Federal Publicity

March 18, 1940

Report Outline
Recent Expansion of Publicity Activities
Extent and Types of Federal Publicity
Role of Official Publicity in Democracy
Special Focus

Recent Expansion of Publicity Activities

Since the World War, and particularly since 1933, the publicity activities of the government at Washington have been enormously expanded. Under the New Deal, administrative agencies have made greater efforts than under any previous administration to create public support for their acts and policies through the use of such instruments of explanation and persuasion as are available to them. Increasing use of publicity by federal agencies has engendered widespread hostility—both among those who fear that the publicity machinery recently created may be used at some future time to undermine democratic government and among those who believe governmental publicity to be an evil in itself.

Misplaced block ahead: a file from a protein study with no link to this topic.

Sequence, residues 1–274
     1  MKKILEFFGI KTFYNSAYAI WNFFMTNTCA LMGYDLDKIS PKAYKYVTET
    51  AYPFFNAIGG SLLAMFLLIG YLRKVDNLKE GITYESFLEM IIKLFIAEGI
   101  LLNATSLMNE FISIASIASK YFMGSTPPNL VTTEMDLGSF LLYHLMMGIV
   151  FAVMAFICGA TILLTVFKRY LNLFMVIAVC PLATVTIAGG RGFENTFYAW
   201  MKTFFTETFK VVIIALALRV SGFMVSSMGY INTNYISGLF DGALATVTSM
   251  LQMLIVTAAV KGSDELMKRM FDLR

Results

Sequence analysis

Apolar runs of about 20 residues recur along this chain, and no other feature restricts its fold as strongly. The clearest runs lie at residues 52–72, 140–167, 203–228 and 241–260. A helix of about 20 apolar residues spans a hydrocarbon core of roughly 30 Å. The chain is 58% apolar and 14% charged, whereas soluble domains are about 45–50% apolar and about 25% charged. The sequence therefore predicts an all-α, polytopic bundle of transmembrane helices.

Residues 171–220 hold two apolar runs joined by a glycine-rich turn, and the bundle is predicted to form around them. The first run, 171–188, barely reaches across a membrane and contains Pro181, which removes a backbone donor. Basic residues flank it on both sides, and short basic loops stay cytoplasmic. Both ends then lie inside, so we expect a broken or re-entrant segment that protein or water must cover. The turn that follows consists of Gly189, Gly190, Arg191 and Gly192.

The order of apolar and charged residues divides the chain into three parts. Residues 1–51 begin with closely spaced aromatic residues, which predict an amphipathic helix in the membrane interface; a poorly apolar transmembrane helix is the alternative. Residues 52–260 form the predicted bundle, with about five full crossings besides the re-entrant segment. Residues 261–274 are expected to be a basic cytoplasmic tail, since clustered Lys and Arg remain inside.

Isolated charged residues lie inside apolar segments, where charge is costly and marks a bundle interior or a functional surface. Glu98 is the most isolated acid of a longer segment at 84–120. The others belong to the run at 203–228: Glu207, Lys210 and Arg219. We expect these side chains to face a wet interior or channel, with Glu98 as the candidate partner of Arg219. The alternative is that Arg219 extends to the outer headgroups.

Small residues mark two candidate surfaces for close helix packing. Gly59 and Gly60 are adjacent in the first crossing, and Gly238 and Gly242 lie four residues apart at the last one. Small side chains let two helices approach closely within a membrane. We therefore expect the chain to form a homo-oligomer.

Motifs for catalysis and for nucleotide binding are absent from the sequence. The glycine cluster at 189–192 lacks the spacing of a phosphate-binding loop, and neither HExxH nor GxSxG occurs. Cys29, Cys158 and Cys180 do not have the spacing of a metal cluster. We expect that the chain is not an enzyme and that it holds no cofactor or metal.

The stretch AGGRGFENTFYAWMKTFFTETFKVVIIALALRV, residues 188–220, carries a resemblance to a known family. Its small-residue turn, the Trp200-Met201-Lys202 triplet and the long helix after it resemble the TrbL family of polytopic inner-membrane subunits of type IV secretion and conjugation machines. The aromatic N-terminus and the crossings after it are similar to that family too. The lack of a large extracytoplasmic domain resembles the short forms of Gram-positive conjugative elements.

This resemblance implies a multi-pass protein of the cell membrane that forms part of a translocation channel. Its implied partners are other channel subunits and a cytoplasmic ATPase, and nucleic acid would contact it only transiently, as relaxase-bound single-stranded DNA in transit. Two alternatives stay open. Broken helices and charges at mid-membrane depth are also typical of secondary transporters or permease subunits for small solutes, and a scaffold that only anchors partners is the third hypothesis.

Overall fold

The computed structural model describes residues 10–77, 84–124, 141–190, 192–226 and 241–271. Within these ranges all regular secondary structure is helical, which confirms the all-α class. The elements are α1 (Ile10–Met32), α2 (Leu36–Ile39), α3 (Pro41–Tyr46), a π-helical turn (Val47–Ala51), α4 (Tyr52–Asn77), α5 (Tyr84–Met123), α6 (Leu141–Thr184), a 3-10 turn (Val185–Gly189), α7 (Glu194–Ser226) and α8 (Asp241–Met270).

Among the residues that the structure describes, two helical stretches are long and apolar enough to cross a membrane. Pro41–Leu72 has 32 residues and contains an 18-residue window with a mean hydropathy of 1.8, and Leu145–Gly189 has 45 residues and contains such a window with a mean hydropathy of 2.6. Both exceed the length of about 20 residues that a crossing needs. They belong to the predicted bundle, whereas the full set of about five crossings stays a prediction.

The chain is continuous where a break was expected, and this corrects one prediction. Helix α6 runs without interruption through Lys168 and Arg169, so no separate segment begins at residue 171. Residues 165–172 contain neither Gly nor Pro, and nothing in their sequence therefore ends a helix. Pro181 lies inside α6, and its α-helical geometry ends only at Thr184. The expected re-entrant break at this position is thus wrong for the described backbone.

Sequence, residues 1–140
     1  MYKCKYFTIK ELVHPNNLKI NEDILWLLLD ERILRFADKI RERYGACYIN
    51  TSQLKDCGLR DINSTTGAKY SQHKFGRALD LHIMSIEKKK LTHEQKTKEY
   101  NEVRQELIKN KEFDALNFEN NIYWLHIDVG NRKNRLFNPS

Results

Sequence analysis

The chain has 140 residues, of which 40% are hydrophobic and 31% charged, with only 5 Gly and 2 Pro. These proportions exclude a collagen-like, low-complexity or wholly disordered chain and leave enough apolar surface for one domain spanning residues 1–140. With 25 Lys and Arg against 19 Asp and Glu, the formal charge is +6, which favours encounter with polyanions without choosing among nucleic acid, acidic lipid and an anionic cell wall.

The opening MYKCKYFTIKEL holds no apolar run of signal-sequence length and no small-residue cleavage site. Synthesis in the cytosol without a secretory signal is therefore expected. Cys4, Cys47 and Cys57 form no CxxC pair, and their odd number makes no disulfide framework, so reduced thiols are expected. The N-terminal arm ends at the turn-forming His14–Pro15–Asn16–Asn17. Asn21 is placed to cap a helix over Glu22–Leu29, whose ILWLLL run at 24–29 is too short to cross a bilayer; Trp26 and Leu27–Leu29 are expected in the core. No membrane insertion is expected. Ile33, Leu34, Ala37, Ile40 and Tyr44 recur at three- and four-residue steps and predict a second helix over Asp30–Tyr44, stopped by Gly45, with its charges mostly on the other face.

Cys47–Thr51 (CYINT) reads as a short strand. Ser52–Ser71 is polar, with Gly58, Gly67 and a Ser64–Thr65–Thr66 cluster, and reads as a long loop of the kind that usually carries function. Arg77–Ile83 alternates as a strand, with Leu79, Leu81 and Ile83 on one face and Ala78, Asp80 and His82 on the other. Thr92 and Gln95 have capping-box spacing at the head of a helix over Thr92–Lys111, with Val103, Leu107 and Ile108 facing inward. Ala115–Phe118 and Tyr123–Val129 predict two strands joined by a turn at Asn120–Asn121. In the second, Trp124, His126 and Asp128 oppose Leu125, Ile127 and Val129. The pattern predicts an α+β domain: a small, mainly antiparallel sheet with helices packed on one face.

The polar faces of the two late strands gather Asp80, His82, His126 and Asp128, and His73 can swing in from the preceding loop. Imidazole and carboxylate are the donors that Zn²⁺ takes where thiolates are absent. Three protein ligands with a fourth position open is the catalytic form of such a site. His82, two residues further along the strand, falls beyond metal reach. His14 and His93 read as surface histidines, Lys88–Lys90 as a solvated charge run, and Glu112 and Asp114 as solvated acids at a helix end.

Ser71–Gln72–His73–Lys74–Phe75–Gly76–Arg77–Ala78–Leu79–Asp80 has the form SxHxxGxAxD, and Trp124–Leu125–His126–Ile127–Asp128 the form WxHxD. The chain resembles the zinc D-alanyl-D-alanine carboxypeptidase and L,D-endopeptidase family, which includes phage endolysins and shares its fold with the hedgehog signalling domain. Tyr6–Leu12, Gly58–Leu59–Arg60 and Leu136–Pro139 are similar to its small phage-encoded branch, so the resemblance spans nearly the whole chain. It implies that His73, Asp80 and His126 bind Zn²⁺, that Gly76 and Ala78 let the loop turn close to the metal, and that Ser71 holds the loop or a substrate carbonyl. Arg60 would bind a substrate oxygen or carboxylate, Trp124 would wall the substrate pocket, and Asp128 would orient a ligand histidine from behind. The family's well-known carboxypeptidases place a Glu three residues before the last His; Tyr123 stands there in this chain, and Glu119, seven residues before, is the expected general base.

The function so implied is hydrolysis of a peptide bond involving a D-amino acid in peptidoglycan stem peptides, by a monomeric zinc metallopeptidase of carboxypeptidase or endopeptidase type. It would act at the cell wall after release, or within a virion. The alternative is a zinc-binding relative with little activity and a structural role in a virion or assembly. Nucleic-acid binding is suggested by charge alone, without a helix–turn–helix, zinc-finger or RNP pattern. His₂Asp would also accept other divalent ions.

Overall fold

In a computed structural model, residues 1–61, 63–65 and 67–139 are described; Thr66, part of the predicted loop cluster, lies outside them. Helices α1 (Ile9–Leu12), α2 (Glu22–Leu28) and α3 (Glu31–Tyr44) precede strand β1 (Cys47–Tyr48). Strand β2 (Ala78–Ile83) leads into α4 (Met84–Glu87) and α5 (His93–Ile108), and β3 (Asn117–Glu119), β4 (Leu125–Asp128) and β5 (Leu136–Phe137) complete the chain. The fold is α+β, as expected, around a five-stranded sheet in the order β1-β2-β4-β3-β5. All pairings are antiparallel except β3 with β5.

Pointing to “the tendency in Congress…to single out publicity as a useless and somewhat immoral function,” one observer remarks that “no other staff function is so conspicuous as a target for congressmen…At present the most noticeable attitude toward it is a prevailing suspicion that the practice of publicity is an insidious effort to ‘put something over’ on Congress and the electorate and that the administrative branch has no moral right to employ experts in purposeful information.” Marshall E. Dimock, Assistant Secretary of Labor, observes that “Citizens are traditionally suspicious of any effort by a public body to advertise itself. They seem to have entirely different standards for business and government.”

Dewey's Attack on New Deal “Propaganda Mills”

Publicity practices of the Roosevelt administration may provide an important issue for the 1940 campaign. Thomas E. Dewey, a leading candidate for the Republican presidential nomination, asserted in a speech at Cheyenne, Wyoming, in mid-February, that the “propaganda mills” of the New Deal were as extensive as those of the totalitarian states of Europe. In all departments at Washington bureaucrats “were grinding out propaganda in mass production.